The Minister of Justice and Attorney-General of the Federation, Abubakar Malami, has deactivated his account.
Sharing a screenshot of his deactivated account on Facebook, Malami restated his stand on the ban of the micro-blogging site.
He wrote, “My Twitter Account Deactivated”.
Malami ordered the prosecution of Nigerians defying the federal government’s ban on Twitter by using a Virtual Private Network (VPN).
Naija News earlier reported that the Federal Government banned the use of Twitter in the country for what it described as “the persistent use of the platform for activities that are capable of undermining the nation’s corporate existence”.
In a statement on Friday, the Minister of Information and Culture, Lai Mohammed, also directed the National Broadcasting Commission (NBC) to commence the process of licensing all OTT and social media operations in the country.
Meanwhile, the Socio-Economic Rights and Accountability Project (SERAP) alongside 176 concerned Nigerians have dragged the Muhammadu Buhari-led government to court over the unlawful suspension of Twitter in Nigeria.
In the suit No ECW/CCJ/APP/23/21 filed on Tuesday before the ECOWAS Community Court of Justice in Abuja, SERAP and the concerned Nigerians are also suing the Buhari govt for the criminalization of Nigerians and other people using Twitter, and the “escalating repression of human rights, particularly the rights to freedom of expression, access to information, and media freedom in the country.”
The groups asked the court to order an “interim injunction restraining the Federal Government from implementing its suspension of Twitter in Nigeria, and subjecting anyone including media houses, broadcast stations using Twitter in Nigeria, to harassment, intimidation, arrest and criminal prosecution, pending the hearing and determination of the substantive suit.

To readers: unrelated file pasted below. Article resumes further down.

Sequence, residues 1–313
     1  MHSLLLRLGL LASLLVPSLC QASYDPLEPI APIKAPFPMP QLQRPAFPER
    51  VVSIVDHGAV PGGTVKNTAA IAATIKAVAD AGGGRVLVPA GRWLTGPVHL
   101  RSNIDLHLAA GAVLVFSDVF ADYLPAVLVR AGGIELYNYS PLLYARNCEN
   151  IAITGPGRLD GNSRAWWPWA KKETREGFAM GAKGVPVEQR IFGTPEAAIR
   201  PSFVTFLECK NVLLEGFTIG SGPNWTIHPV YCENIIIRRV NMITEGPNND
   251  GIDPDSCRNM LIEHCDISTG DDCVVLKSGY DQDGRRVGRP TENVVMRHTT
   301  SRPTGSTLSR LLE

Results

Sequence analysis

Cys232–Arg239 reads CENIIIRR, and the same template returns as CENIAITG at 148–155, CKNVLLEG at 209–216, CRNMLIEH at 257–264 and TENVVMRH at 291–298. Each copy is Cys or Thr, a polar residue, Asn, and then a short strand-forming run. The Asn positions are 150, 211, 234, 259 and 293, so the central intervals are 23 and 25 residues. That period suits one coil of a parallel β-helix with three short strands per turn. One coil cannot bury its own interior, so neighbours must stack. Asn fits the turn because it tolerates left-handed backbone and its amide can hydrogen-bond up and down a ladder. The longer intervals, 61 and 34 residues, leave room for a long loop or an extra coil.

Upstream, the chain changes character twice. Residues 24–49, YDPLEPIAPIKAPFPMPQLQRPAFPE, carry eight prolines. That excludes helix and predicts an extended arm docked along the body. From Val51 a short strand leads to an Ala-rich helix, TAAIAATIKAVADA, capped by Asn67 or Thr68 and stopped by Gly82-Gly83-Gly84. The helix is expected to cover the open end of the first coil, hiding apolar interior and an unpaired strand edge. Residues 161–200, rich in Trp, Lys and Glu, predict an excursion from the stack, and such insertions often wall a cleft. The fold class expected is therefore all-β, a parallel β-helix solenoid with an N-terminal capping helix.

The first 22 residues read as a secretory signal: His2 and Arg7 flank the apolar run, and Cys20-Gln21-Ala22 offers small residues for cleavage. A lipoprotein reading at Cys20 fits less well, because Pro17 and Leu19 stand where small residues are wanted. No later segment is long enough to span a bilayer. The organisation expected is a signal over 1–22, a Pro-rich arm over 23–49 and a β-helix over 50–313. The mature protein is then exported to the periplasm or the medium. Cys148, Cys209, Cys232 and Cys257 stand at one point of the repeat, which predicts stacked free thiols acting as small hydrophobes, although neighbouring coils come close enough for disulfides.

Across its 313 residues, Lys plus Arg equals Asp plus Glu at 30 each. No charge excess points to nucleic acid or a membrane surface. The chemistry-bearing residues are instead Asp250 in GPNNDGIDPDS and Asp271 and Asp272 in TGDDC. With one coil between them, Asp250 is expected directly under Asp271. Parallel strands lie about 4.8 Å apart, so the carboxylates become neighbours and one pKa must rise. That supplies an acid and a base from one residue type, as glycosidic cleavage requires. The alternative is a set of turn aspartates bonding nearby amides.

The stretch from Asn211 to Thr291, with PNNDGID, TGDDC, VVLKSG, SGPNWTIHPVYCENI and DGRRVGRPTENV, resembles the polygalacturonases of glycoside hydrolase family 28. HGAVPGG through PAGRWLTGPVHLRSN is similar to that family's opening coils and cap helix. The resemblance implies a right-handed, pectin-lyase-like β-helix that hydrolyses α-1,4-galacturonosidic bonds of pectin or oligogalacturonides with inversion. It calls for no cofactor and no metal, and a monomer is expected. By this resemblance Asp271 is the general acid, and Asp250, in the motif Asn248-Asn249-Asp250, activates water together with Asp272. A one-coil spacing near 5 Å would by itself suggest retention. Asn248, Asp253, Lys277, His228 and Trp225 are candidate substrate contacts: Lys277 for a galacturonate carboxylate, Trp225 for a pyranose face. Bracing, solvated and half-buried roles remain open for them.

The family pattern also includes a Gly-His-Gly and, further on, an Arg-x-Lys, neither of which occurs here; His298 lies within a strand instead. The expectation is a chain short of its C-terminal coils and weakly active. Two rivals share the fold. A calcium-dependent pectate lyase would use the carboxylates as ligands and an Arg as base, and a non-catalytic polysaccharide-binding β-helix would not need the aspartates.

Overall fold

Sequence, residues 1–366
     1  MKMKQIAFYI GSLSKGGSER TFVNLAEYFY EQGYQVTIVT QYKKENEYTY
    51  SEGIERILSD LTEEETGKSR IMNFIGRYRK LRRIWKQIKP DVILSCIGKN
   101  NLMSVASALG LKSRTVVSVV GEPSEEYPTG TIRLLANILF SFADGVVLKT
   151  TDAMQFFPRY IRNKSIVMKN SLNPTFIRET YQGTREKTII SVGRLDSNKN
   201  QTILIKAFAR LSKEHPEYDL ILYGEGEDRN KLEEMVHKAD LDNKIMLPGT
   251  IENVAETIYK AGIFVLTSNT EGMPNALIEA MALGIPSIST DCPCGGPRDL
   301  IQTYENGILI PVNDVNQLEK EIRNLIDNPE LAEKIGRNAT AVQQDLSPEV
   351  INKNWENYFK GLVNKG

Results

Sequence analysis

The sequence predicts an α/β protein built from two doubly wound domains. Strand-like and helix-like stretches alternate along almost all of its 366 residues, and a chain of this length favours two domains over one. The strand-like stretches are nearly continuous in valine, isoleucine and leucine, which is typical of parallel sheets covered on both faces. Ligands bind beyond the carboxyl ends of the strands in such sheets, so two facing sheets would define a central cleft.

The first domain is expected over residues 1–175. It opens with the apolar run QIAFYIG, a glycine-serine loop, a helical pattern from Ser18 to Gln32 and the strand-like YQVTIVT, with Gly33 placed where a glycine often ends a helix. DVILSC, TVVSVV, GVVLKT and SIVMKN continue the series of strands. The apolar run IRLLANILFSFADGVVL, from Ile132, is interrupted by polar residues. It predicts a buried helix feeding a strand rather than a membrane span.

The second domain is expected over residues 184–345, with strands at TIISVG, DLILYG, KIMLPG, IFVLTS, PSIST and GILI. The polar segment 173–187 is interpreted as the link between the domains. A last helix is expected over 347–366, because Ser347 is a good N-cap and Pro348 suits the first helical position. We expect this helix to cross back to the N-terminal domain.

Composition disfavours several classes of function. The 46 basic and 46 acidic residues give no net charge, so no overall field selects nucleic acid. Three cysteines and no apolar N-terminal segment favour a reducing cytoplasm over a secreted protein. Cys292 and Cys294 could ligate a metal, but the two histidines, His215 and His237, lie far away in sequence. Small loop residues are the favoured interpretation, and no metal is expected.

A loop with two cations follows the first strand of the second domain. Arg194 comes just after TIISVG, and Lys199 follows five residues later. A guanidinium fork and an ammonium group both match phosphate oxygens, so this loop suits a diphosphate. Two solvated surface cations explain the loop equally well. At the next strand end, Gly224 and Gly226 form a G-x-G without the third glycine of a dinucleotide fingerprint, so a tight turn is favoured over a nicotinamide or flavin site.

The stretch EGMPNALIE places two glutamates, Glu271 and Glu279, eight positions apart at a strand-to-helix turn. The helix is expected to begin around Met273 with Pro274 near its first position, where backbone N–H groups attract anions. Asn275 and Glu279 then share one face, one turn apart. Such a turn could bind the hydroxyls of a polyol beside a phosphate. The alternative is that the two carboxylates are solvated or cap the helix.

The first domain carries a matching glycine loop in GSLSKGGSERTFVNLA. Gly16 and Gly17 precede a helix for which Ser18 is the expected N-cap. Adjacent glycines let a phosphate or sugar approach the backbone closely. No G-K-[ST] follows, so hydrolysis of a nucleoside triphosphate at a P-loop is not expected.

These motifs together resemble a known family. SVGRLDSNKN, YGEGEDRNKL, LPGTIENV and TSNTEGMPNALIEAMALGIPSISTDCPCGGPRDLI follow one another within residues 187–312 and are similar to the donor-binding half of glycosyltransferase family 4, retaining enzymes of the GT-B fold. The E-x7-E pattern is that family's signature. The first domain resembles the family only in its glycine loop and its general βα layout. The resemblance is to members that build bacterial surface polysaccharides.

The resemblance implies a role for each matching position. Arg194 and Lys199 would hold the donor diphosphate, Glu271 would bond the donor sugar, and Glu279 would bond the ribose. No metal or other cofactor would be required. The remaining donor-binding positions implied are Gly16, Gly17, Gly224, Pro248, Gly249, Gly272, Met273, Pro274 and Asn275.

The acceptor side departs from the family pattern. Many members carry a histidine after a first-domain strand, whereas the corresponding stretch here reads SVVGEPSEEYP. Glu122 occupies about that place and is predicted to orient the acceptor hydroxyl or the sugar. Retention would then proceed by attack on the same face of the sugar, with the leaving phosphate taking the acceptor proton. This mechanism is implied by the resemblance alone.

The suit filed by Femi Falana read in part: “The suspension of Twitter is aimed at intimidating and stopping Nigerians from using Twitter and other social media platforms to assess government policies, expose corruption, and criticize acts of official impunity by the agents of the Federal Government.
“The free communication of information and ideas about public and political issues between citizens and elected representatives is essential. This implies a free press and other media able to comment on public issues without censor or restraints, and to inform public opinion. The public also has a corresponding right to receive media output.
“Freedom of expression is a fundamental human right and the full enjoyment of this right is central to achieving individual freedom and to developing democracy. It is not only the cornerstone of democracy, but indispensable to a thriving civil society.
“The arbitrary action by the Federal Government and its agents have negatively impacted millions of Nigerians who carry on their daily businesses and operational activities on Twitter. The suspension has also impeded the freedom of expression of millions of Nigerians, who criticize and influence government policies through the microblogging app.”
“The suspension of Twitter is arbitrary, and there is no law in Nigeria today permitting the prosecution of people simply for peacefully exercising their human rights through Twitter and other social media platforms.
“The suspension and threat of prosecution by the Federal Government constitute a fundamental breach of the country’s international human rights obligations including under Article 9 of the African Charter on Human and Peoples’ Rights and Article 19 of International Covenant on Civil and Political Rights to which Nigeria is a state party.
“The suspension has seriously undermined the ability of Nigerians and other people in the country to freely express themselves in a democracy, and undermined the ability of journalists, media houses, broadcast stations, and other people to freely carry out their professional duties.”